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New Stem Cell Therapy May Prevent the Need for Hip Replacement Surgery
Doctors at Southampton General Hospital in the United Kingdom have successfully tested the use of bone marrow derived stem cells to treat osteonecrosis, a leading cause of hip replacement surgery. The procedure takes harvested bone marrow derived stem cells and mixes them with cleaned, crushed bone. Surgeons then remove any dead or damaged bone tissue and replace it with the stem cell/bone mixture. The mixture encourages the growth of new blood vessels to the area that was previously damaged, thus eliminating the osteonecrosis and any need for joint replacement.
“Although this work is still ongoing, several patients who have had the procedure have reacted very well and, if we get the results we are hoping for, these patients won’t need to have their hip joints replaced,” said Doug Dunlop, orthopedic surgeon at Southampton General Hospital and co-developer of the procedure. Professor Richard Oreffor, a specialist in musculoskeletal science at the University of Southampton and co-developer of the procedure added “By using stem cells to send out chemical signals to blood vessels, we hope the body will continue to create new vessels in the hip which supply enough nutrients to maintain bone strength.”
Osteonecrosis is a disease that results from the temporary or permanent loss of blood flow to bones. This loss of blood results in bone tissue death and ultimately severe arthritis. If the osteonecrosis occurs at the bone joint, it can result in joint collapse and the need for hip joint replacement. According to the Centers for Disease Control (CDC) osteonecrosis affects 10,000 – 20,000 people in the United States every year. Osteonecrosis is a frequent cause of arthritis, which is the most common cause of disability in the United States. Arthritis causes 992,100 hospitalizations and 44 million outpatient visits in the United States each year.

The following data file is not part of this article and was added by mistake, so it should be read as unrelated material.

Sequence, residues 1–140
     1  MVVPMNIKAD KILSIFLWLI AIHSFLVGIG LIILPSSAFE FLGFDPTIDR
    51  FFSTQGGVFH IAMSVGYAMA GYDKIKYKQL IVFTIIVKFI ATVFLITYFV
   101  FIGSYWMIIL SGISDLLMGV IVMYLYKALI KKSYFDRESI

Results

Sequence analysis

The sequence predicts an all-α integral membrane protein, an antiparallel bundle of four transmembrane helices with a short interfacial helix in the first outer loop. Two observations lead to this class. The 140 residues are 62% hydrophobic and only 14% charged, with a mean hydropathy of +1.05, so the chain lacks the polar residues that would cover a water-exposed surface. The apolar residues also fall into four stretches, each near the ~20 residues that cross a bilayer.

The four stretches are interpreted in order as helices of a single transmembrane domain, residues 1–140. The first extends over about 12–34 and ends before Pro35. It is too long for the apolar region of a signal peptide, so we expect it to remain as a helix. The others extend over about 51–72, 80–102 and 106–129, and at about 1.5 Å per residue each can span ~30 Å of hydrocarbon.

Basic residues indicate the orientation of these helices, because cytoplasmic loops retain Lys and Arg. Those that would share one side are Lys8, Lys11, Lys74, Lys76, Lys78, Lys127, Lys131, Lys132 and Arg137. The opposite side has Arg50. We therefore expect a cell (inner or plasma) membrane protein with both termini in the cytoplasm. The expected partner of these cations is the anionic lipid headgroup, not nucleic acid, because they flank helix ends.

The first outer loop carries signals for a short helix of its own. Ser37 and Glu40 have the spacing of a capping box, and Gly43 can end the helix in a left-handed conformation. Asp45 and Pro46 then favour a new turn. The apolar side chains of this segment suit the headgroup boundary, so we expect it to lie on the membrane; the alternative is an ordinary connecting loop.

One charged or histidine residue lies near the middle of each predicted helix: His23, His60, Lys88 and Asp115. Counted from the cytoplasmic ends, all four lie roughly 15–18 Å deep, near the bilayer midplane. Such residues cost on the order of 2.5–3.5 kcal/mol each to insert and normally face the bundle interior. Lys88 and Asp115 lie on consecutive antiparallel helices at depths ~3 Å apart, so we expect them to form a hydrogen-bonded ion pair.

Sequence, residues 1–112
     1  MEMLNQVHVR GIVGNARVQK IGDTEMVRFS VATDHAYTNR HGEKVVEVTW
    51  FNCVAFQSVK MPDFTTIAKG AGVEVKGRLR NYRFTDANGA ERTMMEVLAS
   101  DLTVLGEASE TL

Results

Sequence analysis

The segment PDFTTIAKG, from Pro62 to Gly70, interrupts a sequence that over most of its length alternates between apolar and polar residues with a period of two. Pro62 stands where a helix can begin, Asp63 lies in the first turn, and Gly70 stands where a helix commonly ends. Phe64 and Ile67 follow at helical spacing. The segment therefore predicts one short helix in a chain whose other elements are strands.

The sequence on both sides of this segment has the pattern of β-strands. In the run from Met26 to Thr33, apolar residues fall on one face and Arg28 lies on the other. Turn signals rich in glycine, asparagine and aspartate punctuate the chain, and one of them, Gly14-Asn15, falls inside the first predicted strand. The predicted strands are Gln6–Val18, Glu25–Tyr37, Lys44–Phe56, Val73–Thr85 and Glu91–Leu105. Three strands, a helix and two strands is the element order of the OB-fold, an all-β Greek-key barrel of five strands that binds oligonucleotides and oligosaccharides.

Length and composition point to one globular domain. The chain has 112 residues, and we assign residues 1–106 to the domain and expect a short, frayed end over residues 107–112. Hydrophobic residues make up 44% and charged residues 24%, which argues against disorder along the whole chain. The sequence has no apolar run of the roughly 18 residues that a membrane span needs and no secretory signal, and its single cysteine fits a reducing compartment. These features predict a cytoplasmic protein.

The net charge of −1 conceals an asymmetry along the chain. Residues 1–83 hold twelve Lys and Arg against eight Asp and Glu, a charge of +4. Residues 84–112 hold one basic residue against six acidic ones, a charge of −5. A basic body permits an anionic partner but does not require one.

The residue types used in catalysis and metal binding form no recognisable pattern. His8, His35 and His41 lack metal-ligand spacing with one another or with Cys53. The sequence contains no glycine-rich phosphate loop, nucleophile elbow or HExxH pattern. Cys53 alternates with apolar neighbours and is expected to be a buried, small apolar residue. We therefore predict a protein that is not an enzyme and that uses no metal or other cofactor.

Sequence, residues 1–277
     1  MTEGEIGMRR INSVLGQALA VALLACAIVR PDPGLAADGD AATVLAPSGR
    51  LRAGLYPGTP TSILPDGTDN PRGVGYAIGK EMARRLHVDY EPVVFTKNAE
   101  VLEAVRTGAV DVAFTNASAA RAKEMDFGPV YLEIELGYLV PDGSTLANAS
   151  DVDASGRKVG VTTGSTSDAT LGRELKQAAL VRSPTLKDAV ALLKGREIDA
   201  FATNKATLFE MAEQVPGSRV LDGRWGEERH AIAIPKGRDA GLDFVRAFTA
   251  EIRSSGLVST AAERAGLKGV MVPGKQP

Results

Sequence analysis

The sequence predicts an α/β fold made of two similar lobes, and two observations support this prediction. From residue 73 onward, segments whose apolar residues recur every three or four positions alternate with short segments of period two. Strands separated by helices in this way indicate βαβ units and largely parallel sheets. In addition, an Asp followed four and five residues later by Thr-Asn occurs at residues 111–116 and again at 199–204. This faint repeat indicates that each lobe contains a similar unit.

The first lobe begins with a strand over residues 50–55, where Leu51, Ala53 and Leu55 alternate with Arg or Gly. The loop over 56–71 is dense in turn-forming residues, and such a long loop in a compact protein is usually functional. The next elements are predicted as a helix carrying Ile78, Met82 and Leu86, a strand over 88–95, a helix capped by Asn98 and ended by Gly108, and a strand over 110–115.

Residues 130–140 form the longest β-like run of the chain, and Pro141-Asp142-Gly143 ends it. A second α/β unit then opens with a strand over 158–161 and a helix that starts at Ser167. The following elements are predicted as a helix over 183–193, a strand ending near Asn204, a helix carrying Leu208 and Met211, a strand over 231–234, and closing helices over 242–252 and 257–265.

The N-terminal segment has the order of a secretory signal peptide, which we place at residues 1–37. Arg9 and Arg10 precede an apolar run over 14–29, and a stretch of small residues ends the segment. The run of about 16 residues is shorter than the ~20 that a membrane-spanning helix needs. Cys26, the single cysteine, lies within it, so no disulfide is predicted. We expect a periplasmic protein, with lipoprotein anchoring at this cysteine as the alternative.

Each week we see a new stem cell therapy with exciting potential as a treatment for disease. Last week Osiris received approval for Prochymal in Canada (see News Wrap Up for full story). Also derived from bone marrow stem cells, Prochymal is a treatment for acute graft-versus host disease in children. The approval last week made it the first stem cell treatment to be approved for a systemic disease anywhere in the world. With several stem cell therapies making their way into the clinic, there are many questions around the large scale manufacturing of these cells for therapeutic use. One issue is the removal of animal products from the cell culture media and the best way to replace serum. A recent Cell Culture Dish blog titled “Exciting Treatment Possibilities with Stem Cells – What is the Best Cell Culture Method,” discussed possible solutions in detail. Another issue is the efficient large-scale production of these cells. In another cell culture dish blog titled “Culture and Expansion of Stem Cells in Stirred Suspension Bioreactors Could Provide Key in Large Scale Manufacturing,” the possible use of suspension bioreactors to culture stem cells is discussed.
Question for our readers: How many years until we have ten or more FDA approved stem cell therapies?